DSM bets on material science to help vehicles shed weight smartly

by Nilesh Wadhwa 04 Nov 2019


the latest developments in turbo systems is to integrate the charge air cooler (CAC) into the air intake manifold (AIM), using liquid to more effectively cool the air instead of air-to-air systems

In a connectivity-driven world, each passing day brings in news of new technologies, products and solutions. While global megatrends like Connected, Autonomous, Shared and Electric (CASE) are taking shape in developed markets, the Indian automotive industry is readying for the new crash test norms compliance starting this month and the upcoming BS VI norms from April 2020, an area where Dutch multinational Royal DSM aims to play a key role.

DSM began its India operations in the 1990s with its headquarters in Gurgaon, Delhi. At present the company has a manufacturing and R&D centre for its engineering plastics business in Ranjangaon, which also houses its Solar Tech Demo Center. It also has its Global Shared services centre in Hyderabad, and a total of 865 employees, which includes the recent acquisition of SRF’s engineering plastics (85 employees).

Automotive, electronics biggest drivers for DSM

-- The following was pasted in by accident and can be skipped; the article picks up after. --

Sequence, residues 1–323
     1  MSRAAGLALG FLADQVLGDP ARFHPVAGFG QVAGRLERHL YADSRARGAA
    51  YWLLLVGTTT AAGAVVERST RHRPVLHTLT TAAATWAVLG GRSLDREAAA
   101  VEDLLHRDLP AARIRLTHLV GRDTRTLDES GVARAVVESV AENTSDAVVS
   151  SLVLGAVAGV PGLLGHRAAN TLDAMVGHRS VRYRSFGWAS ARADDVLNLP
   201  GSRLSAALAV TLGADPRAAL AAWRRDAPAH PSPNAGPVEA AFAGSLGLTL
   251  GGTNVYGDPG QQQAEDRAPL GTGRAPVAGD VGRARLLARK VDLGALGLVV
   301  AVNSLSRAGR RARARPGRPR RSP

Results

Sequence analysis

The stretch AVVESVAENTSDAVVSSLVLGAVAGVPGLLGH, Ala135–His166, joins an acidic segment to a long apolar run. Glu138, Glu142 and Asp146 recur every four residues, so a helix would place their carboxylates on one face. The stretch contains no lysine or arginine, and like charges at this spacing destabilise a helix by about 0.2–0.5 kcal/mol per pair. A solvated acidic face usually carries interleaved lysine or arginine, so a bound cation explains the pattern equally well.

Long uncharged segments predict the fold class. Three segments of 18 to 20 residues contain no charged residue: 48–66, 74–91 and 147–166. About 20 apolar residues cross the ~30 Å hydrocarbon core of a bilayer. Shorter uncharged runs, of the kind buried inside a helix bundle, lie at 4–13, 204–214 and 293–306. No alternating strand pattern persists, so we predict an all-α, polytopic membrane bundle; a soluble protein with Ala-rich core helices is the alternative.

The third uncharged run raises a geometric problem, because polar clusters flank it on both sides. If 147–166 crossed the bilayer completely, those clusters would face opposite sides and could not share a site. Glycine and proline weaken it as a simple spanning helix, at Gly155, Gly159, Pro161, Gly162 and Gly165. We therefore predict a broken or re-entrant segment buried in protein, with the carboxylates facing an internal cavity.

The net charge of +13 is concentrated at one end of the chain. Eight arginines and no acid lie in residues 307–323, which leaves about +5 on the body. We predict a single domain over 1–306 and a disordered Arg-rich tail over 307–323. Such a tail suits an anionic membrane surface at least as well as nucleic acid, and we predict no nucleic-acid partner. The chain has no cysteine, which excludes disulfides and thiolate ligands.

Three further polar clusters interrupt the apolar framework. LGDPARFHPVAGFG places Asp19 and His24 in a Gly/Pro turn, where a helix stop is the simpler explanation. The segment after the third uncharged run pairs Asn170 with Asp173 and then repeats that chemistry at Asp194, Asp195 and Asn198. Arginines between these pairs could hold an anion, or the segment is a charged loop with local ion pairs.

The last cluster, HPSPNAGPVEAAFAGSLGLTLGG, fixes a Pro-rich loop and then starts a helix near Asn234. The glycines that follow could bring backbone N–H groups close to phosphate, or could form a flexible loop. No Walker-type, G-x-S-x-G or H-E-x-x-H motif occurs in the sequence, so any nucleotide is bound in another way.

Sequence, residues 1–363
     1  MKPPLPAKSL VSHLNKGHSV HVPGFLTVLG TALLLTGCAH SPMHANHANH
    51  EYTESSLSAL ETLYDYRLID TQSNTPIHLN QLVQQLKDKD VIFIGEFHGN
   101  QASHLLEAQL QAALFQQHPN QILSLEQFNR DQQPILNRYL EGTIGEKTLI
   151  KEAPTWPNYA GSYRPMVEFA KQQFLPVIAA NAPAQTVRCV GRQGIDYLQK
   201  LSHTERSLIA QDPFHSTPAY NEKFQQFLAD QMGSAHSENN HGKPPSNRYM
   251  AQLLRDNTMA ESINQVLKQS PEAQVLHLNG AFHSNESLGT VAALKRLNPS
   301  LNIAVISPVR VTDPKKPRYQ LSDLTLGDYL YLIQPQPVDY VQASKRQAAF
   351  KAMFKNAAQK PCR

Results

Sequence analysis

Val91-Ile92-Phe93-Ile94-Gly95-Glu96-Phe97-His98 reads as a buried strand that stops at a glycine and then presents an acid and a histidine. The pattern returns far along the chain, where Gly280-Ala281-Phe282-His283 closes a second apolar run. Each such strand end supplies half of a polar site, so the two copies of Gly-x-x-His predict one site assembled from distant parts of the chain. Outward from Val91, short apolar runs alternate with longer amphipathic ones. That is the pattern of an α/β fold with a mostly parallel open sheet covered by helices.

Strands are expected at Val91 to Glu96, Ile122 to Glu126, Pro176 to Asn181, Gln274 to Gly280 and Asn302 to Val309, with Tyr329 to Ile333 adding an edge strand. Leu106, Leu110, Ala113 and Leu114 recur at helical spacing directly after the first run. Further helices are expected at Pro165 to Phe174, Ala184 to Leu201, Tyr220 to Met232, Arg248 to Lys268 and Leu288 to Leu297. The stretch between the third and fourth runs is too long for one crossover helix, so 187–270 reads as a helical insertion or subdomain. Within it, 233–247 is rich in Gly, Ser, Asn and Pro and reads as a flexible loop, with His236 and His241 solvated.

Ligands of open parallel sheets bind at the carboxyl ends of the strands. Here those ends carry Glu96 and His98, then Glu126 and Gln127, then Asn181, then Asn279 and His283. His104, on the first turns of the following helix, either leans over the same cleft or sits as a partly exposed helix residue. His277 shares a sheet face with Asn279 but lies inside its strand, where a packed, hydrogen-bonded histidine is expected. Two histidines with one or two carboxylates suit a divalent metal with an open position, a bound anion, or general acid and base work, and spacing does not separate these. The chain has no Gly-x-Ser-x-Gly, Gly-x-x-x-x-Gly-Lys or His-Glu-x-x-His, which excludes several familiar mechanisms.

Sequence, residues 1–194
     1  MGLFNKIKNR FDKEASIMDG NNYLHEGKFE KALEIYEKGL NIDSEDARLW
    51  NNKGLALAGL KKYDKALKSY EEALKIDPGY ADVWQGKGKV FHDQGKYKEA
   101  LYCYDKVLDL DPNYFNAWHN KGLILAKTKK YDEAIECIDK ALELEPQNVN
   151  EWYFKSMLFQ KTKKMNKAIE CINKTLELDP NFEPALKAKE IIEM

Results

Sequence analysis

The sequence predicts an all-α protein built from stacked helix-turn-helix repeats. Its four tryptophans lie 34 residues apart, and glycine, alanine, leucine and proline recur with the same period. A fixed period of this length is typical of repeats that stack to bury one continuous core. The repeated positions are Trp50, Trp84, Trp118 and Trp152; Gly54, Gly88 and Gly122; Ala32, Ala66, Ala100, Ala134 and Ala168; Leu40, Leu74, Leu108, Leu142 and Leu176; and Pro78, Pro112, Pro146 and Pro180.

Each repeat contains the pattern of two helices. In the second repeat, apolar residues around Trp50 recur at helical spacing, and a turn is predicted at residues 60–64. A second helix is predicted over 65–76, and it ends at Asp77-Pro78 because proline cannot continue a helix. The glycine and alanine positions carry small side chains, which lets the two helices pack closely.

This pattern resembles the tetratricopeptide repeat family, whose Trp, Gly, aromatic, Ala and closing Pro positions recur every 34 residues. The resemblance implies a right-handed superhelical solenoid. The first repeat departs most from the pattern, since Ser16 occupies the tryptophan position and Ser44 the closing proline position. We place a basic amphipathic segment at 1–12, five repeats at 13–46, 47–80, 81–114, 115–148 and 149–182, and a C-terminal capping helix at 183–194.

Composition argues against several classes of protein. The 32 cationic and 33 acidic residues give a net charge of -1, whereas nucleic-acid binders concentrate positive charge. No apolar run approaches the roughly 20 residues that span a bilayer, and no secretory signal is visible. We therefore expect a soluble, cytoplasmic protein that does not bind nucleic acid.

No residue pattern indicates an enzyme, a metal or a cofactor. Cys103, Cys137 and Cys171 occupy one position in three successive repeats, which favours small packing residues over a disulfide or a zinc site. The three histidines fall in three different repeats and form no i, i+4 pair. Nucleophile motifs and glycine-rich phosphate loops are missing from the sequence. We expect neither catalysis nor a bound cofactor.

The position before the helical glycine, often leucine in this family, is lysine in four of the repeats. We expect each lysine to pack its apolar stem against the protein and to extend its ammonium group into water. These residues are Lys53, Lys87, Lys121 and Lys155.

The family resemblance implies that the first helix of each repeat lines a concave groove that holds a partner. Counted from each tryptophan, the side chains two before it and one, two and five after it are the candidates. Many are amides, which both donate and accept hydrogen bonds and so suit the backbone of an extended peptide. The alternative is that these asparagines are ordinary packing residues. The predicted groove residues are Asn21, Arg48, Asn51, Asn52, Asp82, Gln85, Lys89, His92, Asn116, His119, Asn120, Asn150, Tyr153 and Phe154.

Plastics play a key role in the automotive industry and are now being increasingly used in the auto industry to provide rigidity while also reducing vehicle weight. The company has been working closely with the domestic auto industry for more than 25 years, and DSM Engineering Plastics India has been directly selling and manufacturing engineering plastics since 1999 when it acquired Cenka Plastics. In January 2009, DSM Engineering Plastics India started its greenfield operations with a world-class manufacturing facility set up in Ranjangaon, Pune.

The company has a broad portfolio of high-performance materials, including Stanyl heat-resistant PA46, Stanyl ForTii high-performance PA 4T, EcoPaXX 70 percent bio-based PA410, Akulon PA6 and PA66, Arnitel thermoplastic copolyester, and Arnite polyesters (PBT and PET).

Anand Diwanji from DSM automotive

Giving an example of the company's product capabilities, Anand Diwanji, Business Director, DSM India (pictured above) says: "Stanyl and Akulon Diablo offer good thermal stability over extended periods of time at elevated temperature. The technology provides a significant improvement in long-term temperature resistance components such as air intake manifolds with integrated intercoolers, ducts, charge air cooler end caps, mixing tubes and resonators used in the latest car engines. Arnite A is a 35 percent glass-fibre reinforced polyethylene terephtalate resin that brings toughness, durability and excellent dimensional stability inside the body and/or the control housing itself. In fact, it has been shown to perform reliably over more than 1 million brake cycles."